How to whiten your teeth, according to dental experts Advertisement

How to whiten your teeth, according to dental experts

The only aspect of your appearance where whiteness should count

By George Driver  May 15th, 2017

Our once-white teeth are starting to resemble our Uncle Rajan who smoked a ten pack for a decade and had a particular penchant for red wine mixed with diet coke. In short, they’re not looking so hot. Our aim: to get teeth so pearly white they basically glow in the dark. The solution: Go to the pros.

Which is why we’ve gathered not one, but three experts in the field to answer your questions on how to whiten teeth. First up, celebrity dentist Dr Richard Marques, or The King Of Smiles to his friends. Next, bringing the pro teeth whitening panel to a grand total of three, are professional dentists and sisters Dr Lisa and Vanessa Creaven. Let’s get this teeth whitening show on the road.

What causes teeth to turn yellow?

‘Yellow teeth can be something you are genetically born with, or it can develop over time,’ says Dr Richard. ‘The main thing that causes yellowing of teeth is staining from smoking, black tea, black coffee and red wine. Yellowing can also be caused by the wearing of the enamel, which is generally whiter, and is caused by acids (such as those in fizzy drinks), teeth grinding and brushing the teeth too hard.”

Put simply, according to Dr Vanessa and Lisa, there are two ways your teeth can darken in colour.

1. Loss of enamel — this exposes the darker dentine layer through acidic erosion, over brushing, or brushing with abrasive toothpastes.

2. Pigmented food in your diet.

Prevent white teeth from turning yellow

Change up your diet

'Try to eat whiter foods, such as chicken, rice and fish, and also drink clear or white fluids such as water and milk,' says Dr Richard.

Drink through a straw

"Drink through a straw to bypass your teeth if you are drinking something like a berry smoothie," advises Dr Richard.

Use a whitening toothpaste and electric toothbrush

"A good electric toothbrush can be great to maintain or enhance the whitening process."


Attend a hygienist regularly

According to Dr Lisa and Vanessa, "Attend your hygienist regularly to remove plaque and calculus, this will keep your teeth and gums healthy."

What types of professional teeth whitening treatments are out there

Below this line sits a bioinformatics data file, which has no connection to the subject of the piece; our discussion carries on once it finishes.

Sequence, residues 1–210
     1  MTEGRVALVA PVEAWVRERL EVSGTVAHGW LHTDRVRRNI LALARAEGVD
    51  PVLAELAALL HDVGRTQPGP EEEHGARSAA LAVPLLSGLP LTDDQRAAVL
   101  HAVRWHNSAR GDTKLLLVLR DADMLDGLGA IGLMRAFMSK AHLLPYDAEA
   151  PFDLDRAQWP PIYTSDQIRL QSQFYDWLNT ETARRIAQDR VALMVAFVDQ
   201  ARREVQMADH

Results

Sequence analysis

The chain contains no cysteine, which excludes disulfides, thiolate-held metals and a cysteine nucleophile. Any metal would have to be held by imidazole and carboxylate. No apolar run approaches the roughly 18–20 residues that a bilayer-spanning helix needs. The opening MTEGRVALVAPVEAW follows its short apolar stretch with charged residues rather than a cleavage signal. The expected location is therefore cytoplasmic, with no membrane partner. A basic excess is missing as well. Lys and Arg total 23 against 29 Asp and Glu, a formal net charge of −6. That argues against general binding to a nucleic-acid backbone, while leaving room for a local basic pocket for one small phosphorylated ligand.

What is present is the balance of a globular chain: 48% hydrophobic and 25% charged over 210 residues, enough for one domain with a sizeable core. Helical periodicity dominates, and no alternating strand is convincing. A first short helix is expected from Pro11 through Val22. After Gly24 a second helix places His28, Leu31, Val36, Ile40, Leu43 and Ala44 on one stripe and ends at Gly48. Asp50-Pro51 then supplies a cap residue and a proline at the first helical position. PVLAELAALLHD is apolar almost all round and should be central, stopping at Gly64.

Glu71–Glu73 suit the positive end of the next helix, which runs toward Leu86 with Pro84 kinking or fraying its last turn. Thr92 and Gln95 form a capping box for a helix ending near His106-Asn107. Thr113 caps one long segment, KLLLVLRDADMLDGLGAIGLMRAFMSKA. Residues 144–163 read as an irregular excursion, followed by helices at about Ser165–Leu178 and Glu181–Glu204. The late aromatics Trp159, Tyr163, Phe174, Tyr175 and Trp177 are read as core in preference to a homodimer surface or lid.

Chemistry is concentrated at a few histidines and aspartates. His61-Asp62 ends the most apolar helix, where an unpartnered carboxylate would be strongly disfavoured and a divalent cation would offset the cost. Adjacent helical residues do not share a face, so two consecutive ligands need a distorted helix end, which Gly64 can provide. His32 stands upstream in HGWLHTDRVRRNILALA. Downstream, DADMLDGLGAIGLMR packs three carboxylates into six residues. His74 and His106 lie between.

Dr Richard’s advice? “Consult a professional dentist before getting this procedure done. Teeth whitening is a complicated process that can damage teeth enamel permanently if not carried out properly using high-quality materials.”

Dr Richard is all about Zoom Teeth Whitening by Philips, “It really works for getting your smile looking in tip top condition. Enlighten is another great teeth whitening treatment that was developed by dentists, and uses home whitening gels with highly-customised trays and is really effective for whitening teeth.”

Dr Lisa and Vanessa say it’s all about the hydrogen peroxide: “You can have professional whitening provided at your dentist but this is not designed to be used too frequently. There are adjunctive treatments such as lasers and lights which enhance the process but it is the active ingredient hydrogen peroxide which achieves the best result.”

“Hydrogen peroxide breaks down surfaces stains and penetrates the very outer layer of enamel to lighten to overall shade of the tooth. It comes in gel or strip form like our Spotlight Whitening kit you can do at home.”

Can you permanently whiten your teeth? 

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Yes, and no. Well more no…

“Teeth whitening is never 100% permanent, however when done properly, it can last 2-4 years,” says Dr Richard. “You will generally have top-up trays even if you do laser teeth whitening so you can always do a bit of extra whitening when you need in order to maintain the teeth.”

Does whitening damage your teeth

As mother always said, everything in moderation people. “Using high concentration treatments too frequently can absolutely damage your teeth. We do not recommend this as dentists,” explains Dr Vanessa and Lisa. 

The bad news?

“Using high concentration gels or strips without proper protection can indeed cause significant sensitivity and irritation to the gums which can put a lot of people off whitening their teeth”, says Dr Lisa and Vanessa.

The good news?

Dr Richard is a little more positive: “There can be very slight sensitivity from teeth whitening but this will always fade after the treatment.” Huzzah!

From: Elle UK